four branches of productive activity. The first is food-gathering, which includes grubbing for roots and berries as well as hunting and fishing. The second is stock-raising. The third is agriculture. The fourth is craftsmanship,
graduating into large-scale industry."
Novack explains that despite these achievements, several major obstacles limited the Indian societies' ability to advance further. They did not have such important domesticated animals as the horse, cow, pig, sheep or water buffalo that had pulled the Asians and Europeans along toward civilization. "Moreover, they did not use the wheel,
except for toys, [and] did not know the use of iron or firearms."
Bradford writes, “[Father Bartolomé de] Las Casas rightly indicted Columbus for his treatment of the native inhabitants of this New World. Justin Winsor commented much later: ‘The merit which Columbus arrogated to himself was that he was superior to the cosmographical knowledge of his time. It was the merit of Las Casas that he threw upon the reeking passions of the enslaver the light of a religion that was above sophistry and purer that cupidity. The existence of Las Casas is the arraignment of Columbus.’”
Well, yes and no. Father Las Casas came to his position gradually, having first participated in atrocities against Indians, then after seeing what it was doing changing his mind and advocated African slaves instead! Finally, he came to an anti-slavery position. So, he too is problematic, and his abolitionism represented a tiny minority. And Columbus too thought he was carrying out the will of God (as did Tomás de Torquemada in the bloody Inquisition).
“One authority has estimated that, at the time the Spaniards first landed in Hispaniola, the population was over a quarter of a million. Within three years, a third of them were dead,” Bradford writes. There was extreme brutality, but even without this huge numbers would have died. While Bradford talks a lot about the diseases that affected the Spanish—mostly malaria and syphilis—he doesn’t mention that most of the deaths of Indians were due to them not being resistant to European diseases (we still aren’t certain where syphilis started, but the Spanish certainly spread it).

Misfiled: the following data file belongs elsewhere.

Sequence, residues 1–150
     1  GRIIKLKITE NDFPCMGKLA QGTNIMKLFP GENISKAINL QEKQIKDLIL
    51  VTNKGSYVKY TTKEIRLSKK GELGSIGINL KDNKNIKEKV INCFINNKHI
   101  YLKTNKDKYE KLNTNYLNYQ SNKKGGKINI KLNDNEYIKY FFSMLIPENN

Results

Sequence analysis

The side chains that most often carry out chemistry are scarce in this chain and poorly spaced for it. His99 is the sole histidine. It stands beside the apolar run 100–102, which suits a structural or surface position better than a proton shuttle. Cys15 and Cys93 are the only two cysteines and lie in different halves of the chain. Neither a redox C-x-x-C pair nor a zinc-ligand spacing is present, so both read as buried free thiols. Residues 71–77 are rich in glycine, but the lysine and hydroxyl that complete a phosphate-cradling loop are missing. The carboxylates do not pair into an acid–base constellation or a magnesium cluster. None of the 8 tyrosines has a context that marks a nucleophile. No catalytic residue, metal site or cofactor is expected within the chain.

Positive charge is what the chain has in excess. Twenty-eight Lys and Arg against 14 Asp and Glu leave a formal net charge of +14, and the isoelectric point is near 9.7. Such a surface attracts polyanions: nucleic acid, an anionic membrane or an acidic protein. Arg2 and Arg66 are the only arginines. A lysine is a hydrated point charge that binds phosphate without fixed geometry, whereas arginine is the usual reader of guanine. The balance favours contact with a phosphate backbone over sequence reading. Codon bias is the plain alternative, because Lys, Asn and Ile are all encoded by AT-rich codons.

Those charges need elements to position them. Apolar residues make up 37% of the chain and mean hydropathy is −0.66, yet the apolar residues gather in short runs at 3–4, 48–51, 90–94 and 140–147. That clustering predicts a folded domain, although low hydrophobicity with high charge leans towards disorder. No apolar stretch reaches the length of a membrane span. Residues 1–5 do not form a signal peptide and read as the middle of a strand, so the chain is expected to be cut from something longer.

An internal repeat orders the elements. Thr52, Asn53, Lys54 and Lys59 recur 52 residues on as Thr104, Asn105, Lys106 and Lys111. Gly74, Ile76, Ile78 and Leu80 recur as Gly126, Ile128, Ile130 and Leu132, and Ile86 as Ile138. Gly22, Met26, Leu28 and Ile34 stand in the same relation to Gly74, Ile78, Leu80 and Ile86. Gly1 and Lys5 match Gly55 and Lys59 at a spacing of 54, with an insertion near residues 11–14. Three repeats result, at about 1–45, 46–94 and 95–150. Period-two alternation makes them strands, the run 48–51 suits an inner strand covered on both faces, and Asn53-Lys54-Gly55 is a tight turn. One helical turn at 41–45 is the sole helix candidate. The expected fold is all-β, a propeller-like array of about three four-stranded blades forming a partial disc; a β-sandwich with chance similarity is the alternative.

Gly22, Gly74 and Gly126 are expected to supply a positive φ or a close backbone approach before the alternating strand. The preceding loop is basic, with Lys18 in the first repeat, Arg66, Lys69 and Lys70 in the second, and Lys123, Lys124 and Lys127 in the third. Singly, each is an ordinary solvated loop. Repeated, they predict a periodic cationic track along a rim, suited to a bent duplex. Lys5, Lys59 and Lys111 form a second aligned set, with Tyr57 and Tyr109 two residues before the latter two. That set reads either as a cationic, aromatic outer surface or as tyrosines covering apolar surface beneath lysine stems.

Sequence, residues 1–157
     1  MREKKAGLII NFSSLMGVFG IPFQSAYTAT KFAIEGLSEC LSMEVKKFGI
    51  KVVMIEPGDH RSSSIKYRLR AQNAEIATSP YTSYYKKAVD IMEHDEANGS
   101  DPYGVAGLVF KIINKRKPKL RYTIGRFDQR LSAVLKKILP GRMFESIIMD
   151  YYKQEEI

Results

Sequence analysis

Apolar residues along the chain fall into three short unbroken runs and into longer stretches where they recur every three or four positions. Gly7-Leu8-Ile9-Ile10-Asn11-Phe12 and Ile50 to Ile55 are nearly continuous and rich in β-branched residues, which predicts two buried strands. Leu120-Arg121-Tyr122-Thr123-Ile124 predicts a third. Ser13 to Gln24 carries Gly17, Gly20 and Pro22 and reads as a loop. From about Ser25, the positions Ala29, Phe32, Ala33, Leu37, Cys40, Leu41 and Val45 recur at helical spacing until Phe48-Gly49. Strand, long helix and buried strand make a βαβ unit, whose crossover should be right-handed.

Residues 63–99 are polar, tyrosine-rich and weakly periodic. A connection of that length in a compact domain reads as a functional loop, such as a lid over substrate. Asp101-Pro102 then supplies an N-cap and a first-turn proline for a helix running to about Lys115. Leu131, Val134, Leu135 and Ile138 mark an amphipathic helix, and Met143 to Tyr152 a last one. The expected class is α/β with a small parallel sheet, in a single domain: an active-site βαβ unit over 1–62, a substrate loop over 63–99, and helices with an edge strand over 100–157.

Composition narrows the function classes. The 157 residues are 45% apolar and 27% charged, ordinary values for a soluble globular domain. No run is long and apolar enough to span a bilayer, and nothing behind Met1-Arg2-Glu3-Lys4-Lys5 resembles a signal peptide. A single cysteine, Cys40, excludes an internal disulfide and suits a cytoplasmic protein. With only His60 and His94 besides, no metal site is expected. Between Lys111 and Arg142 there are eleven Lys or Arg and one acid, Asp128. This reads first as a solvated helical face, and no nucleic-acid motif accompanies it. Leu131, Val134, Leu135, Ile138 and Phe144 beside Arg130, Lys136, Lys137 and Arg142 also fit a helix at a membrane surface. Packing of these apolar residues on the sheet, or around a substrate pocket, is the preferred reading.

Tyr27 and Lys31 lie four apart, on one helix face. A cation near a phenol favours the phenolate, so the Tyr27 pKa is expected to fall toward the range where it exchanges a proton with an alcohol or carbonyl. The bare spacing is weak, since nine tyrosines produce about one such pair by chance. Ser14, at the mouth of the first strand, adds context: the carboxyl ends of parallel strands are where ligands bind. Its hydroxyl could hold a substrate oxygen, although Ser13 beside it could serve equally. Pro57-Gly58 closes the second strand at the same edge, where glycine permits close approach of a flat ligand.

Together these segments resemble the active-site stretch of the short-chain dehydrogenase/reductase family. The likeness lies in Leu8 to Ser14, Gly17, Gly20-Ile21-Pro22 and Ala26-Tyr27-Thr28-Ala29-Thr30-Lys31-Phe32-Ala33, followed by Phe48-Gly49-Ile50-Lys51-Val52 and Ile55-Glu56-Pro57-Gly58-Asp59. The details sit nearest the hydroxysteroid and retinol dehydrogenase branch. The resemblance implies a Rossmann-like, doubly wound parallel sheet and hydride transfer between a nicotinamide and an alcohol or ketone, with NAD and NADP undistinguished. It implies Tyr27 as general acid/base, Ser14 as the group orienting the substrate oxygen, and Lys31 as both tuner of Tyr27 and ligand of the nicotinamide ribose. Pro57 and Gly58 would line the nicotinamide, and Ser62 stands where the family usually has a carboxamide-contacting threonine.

Columbus wasn’t the nicest guy around, but he can’t be judged by the standards of today. It should be noted (and Bradford does) that a few centuries later, Captain James Cook was (most of the time) much fairer to the natives of the Pacific, but the results were much the same. (see ‘The Trial of the Cannibal Dog’).
The book is a good biography of Columbus, the author being highly knowledgeable about ships and navigation in Columbus’ day and today.
Ironically, while Spain and Portugal became imperialist countries (see Imperialism, The Highest Stage of Capitalism - A Popular Outline: Unabridged with original tables and footnotes (Aziloth Books)), they remained in many ways underdeveloped, since all the gold they accumulated went to buying finished goods from the United Kingdom and other countries, rather than in starting their own manufacturing.
While contrary to the Stalinists, socialist revolution was on the agenda in Spain in 1931–39, the role of democratic demands was still hugely important. But as Leon Trotsky explains, the small Republican bourgeoisie opposed such democratic demands as land reform and opposed granting independence to Morocco… (see The Spanish Revolution (1931-39)).
I have to put it on my to do list to read some other books by Ernle Bradfford.
Also read 1493 by Charles Mann to get an understanding of the impact of the Discovery of the New World on global economic development.